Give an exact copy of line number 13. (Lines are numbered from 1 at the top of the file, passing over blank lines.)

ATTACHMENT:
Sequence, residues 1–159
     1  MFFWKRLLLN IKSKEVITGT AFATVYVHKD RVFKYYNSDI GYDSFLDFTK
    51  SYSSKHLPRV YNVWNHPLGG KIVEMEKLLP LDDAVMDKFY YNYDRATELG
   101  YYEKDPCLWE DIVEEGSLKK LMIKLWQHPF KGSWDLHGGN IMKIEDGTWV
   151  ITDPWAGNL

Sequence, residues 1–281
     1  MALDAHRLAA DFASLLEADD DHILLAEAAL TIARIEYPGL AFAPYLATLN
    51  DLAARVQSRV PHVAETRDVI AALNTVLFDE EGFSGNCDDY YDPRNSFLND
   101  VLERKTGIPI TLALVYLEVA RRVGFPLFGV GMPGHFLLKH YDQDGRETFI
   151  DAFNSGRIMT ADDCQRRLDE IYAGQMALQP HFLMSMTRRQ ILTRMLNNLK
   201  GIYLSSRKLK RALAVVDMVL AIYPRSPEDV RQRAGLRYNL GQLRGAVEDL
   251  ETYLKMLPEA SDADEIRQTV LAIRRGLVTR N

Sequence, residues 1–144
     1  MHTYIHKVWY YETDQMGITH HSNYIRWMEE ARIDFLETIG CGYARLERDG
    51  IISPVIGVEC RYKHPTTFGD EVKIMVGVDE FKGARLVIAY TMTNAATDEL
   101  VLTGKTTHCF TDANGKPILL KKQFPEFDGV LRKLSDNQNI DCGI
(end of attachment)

Sequence, residues 1–144